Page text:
Young people are a vital part of the solution [fr]
Youth, Peace and Security
Statement by Mrs Mme Anne Gueguen, Deputy Permanent Representative of France to the United NationsRetour ligne automatique
Security Council - 23 April 2018
I thank you, Sir, for convening today’s open debate on a topic that the Council should indeed address and for inviting Ms. Jayathma Wickramanayake, the Secretary-General’s Envoy on Youth, and Mr. Graeme Simpson, Director of Interpeace USA. I thank them for their very insightful briefings.
I would also like to welcome in particular Ms. Sophia Pierre-Antoine of Haiti and Ms. Kessy Ekomo-Soignet of the Central African Republic. France welcomes the youth representative who is here in the Security Council for the first time.
First, I would like to echo and underscore that it is important to combat preconceived notions and stereotypes about young people, embrace their true potential and give them the trust and support they deserve. Although, youth is synonymous with vitality and energy, young people are paradoxically often viewed as a burden and, as it pertains to security, even a threat. They are puppets of the violence deemed to be intrinsic or easily manipulated by armed or criminal groups. Stereotypes about young people serve to justify the use of repressive force against them and violations of their most basic rights, in particular their right to peaceful protest and to be heard, including in armed conflict.
Young people are too often the victims of discrimination and are by and large excluded from the decision-making processes of political institutions and from the labour market. The majority of young people demonstrate a genuine ability to work together to propose innovative solutions to problems they encounter or to the ills of the societies in which they live. It is therefore essential to reflect on how to provide young people with greater holistic support.
That can be achieved by improving the likelihood of their inclusionin political, social and economic endeavours and developing psychosocial and reintegration support mechanisms. It can also be done by acknowledging that the key to ending the exclusion of young people and their recruitment by armed groups lies in their access to quality education, in line with Sustainable Development Goal 4. Studies on five decades of armed conflict reveal that education is a key factor in reducing the risk of conflict. Lastly, it can be achieved by supporting their role as agents of sociopolitical change and as partners of the development and peace process. In that regard, I would like to cite by way of example the Youth Forum that France has organized with Tunisia in recent years, held in Tunisia.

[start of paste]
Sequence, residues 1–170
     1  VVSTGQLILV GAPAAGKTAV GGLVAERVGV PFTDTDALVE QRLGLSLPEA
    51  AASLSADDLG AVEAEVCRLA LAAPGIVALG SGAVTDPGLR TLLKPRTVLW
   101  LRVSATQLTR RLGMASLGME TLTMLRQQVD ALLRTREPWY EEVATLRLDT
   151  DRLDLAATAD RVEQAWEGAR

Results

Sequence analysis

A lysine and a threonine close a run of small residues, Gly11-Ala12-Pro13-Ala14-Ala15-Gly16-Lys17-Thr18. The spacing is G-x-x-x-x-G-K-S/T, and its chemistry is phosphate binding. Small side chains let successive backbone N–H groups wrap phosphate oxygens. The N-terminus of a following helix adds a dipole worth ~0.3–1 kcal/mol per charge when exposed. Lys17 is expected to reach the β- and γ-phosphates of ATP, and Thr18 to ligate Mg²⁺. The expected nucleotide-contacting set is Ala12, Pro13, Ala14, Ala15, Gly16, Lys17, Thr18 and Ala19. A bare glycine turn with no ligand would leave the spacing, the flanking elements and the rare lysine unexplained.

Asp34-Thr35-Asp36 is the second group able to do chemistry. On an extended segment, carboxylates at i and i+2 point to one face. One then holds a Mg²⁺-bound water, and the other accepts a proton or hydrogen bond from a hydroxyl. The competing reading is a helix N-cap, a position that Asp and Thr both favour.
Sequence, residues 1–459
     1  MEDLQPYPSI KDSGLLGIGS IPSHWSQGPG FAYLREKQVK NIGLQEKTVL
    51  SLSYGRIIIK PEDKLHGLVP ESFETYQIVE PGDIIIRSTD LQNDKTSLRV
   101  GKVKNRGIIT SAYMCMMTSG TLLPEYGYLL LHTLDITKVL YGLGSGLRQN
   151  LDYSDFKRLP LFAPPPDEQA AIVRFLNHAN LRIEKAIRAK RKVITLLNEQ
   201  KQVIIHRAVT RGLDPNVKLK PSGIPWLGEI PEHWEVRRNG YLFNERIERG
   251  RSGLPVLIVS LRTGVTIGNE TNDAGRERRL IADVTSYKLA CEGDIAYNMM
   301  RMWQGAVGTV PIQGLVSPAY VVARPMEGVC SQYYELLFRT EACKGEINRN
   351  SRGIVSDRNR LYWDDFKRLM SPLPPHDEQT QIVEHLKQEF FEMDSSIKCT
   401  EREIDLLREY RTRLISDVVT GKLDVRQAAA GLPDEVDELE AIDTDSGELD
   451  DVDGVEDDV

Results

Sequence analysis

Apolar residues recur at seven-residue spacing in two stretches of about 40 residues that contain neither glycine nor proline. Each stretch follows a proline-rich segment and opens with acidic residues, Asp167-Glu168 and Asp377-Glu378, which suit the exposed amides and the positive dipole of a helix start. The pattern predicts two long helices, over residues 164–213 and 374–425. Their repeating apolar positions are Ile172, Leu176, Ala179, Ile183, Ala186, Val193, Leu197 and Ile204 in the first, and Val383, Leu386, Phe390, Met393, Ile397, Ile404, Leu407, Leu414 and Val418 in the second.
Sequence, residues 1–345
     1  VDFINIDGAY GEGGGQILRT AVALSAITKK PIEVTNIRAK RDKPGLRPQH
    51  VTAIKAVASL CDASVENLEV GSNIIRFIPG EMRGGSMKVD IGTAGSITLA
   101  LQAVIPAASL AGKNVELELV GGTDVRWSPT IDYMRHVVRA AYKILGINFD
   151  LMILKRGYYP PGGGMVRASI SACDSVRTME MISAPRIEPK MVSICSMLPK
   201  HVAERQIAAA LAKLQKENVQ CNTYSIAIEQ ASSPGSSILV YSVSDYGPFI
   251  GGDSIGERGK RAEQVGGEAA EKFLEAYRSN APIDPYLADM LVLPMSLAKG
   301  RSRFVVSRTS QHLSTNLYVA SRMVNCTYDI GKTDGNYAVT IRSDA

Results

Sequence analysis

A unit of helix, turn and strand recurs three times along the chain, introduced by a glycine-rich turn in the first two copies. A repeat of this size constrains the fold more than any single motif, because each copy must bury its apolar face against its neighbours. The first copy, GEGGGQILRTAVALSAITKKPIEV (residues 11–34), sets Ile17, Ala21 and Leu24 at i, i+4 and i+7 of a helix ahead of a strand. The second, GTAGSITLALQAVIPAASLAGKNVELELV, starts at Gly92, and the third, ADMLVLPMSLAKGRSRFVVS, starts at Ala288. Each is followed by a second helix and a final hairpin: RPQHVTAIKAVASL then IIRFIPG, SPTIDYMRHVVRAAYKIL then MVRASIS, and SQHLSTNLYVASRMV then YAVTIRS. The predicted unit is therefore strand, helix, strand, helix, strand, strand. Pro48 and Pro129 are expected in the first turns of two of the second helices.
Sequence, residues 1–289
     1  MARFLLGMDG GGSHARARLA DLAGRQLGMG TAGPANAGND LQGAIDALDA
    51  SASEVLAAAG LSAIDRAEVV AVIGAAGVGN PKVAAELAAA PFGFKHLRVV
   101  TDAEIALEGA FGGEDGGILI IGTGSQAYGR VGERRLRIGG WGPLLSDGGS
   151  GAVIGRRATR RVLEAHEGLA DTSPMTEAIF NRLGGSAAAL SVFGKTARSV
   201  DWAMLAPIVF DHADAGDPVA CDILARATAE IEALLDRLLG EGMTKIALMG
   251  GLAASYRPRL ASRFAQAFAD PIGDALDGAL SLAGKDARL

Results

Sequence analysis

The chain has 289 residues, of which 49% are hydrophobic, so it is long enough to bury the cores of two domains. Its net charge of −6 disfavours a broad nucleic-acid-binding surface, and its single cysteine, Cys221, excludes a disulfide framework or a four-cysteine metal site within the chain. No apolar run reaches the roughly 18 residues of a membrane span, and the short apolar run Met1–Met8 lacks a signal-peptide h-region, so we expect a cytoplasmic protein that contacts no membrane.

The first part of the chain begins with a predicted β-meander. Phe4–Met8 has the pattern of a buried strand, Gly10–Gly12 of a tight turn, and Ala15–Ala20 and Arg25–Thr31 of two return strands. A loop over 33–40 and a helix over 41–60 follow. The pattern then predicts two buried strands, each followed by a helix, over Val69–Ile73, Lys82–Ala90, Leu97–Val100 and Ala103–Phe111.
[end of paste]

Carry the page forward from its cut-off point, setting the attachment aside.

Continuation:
Like Ms. Pierre-Antoine and Ms. Ekomo-Soignet, young women should be seated at the negotiating table and recognized as partners for peace. The Council should ensure that occurs within the framework of the women and peace and security agenda and beyond. Young people play an increasingly important role in the area of the maintenance of international peace and security. The independent progress study on youth and peace and security conducted by Mr. Simpson highlights several instances in which organizations led by young people have had a positive influence on political, humanitarian and human rights situations before, during and after conflicts.
Because such organizations often have modest resources, results are conclusive, in particular because they are innovative and use social and increasingly participative media to advance their goals. The Council cannot ignore the dynamics already at work and must engage young people in building peace by encouraging effective and lasting partnerships among youth organizations, Governments, agencies of the United Nations, civil society and the private sector. Symbolic measures are not enough.